An example from my running life is the mountain I run.  I ran several times to the base of the mountain and at the left turn that went up the mountain, I turned around and went the other direction.  I got so close, but I didn’t know that the key to the door of running fast, more efficient and with less injury, was literally a left turn away from me.  It was like I was in a dark room with a door and a key, but I never unlocked that door and walked through until… one day with TJ.  We decided to see where that road went.  That left turn was the key that changed my running life in a way that nothing else has ever done!

Another example is Apple Cider Vinegar (ACV).  I wrote about this on this blog a month or two ago several times.  Not only has it helped my running in the afternoons by giving me something I had to have been missing, but over the past two months, my weight, which had plateaued at 192, has gone down 7 lbs to 185.  Even pizza night doesn’t seem to affect me much anymore.

I could go on and on.  In just about every area of my life this principle has helped.  I constantly pray for wisdom so that I can find the keys to shut doors in my life.

I guess I hope that there may be keys in your life to open doors to which you just haven’t paid attention.  It is an amazing feeling to find a key and suddenly realize there is a simple solution to a complex problem and it has been right in front of you!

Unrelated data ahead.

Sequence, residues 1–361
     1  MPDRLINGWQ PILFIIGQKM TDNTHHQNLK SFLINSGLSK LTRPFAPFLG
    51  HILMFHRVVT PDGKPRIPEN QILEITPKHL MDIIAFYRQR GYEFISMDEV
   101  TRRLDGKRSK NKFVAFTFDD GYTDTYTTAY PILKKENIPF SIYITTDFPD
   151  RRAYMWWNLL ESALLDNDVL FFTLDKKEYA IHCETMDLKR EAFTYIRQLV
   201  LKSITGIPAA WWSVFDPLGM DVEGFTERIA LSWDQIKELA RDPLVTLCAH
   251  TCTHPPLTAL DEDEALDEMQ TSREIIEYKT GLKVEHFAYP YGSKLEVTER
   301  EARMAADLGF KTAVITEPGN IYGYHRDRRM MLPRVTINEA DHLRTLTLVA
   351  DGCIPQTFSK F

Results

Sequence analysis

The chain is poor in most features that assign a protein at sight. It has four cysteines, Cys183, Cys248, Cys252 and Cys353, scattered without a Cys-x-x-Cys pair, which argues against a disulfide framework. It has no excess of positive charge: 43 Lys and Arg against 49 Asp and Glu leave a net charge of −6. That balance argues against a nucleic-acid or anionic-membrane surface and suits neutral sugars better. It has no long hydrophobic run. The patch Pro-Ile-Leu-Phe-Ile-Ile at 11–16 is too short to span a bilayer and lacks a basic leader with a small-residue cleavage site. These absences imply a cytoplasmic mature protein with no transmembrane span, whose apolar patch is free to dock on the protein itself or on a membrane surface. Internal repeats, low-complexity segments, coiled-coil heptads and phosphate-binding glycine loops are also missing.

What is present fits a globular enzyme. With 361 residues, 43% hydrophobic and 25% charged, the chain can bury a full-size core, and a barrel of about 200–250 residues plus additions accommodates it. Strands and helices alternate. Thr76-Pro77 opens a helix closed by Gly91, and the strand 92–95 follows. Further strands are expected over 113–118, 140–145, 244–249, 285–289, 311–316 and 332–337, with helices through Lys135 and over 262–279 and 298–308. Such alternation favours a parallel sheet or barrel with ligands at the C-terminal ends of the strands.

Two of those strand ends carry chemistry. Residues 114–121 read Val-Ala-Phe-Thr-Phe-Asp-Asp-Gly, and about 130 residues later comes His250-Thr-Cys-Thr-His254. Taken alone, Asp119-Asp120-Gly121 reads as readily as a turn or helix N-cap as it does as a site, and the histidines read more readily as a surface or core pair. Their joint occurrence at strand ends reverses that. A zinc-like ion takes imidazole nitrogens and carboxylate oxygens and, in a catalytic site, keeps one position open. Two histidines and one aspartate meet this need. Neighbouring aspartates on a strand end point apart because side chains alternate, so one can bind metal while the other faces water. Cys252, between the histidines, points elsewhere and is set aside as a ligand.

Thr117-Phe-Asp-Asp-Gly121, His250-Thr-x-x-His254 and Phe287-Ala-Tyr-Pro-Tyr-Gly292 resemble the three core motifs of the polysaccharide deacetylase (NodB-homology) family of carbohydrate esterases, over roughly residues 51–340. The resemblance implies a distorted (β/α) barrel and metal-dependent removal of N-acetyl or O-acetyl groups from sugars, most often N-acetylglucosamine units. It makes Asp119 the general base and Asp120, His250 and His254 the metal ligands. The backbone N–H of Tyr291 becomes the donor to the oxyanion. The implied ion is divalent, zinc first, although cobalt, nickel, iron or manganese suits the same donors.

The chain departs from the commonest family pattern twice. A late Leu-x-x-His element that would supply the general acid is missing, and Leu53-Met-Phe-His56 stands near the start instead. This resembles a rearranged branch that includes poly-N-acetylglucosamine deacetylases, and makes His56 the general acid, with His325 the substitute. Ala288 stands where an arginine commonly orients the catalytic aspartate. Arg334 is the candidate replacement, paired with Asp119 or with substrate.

My life, my running, and stuff you never knew about me

I write a running blog.

Most of the time, all I write about is something to do with running.  Something related to running.  Something/anything I can relate to and want others to relate to.  I write about a tiny slice of my day.  I have written a post for this blog about 90% of the days since I started… Just about running.

Ideas can be difficult to come up with. Sometimes when I run I think of what I will write the next morning.  Hmmm, there is a pain in my left foot… A blog post was born!

One of the consequences of magnifying a single part of my life is that people get the impression that this is all of my life.  If I am hurt and writing about my depression of not running, then people get the impression that all I am all day is depressed and hurt.

There are 23.5 hours of the day that I never write about.  Sometimes I’ll include some personal stuff in my blog, but that is rare and when I do it is usually related to my running.

So I decided to write some random personal things about myself that I don’t think I have written about before, or that people who are new to my blog don’t really know unless they have gone over the 300+ posts from the past year (and I don’t think they have).  Also this is in part accepting the Sunshine award that runningtoherdreams gave me last weekend.  Thank you.  It means so much.  It made me think of putting just a little about myself “out there” and I hope people read her blog.  It was one of the inspirations that got me to my marathon last August.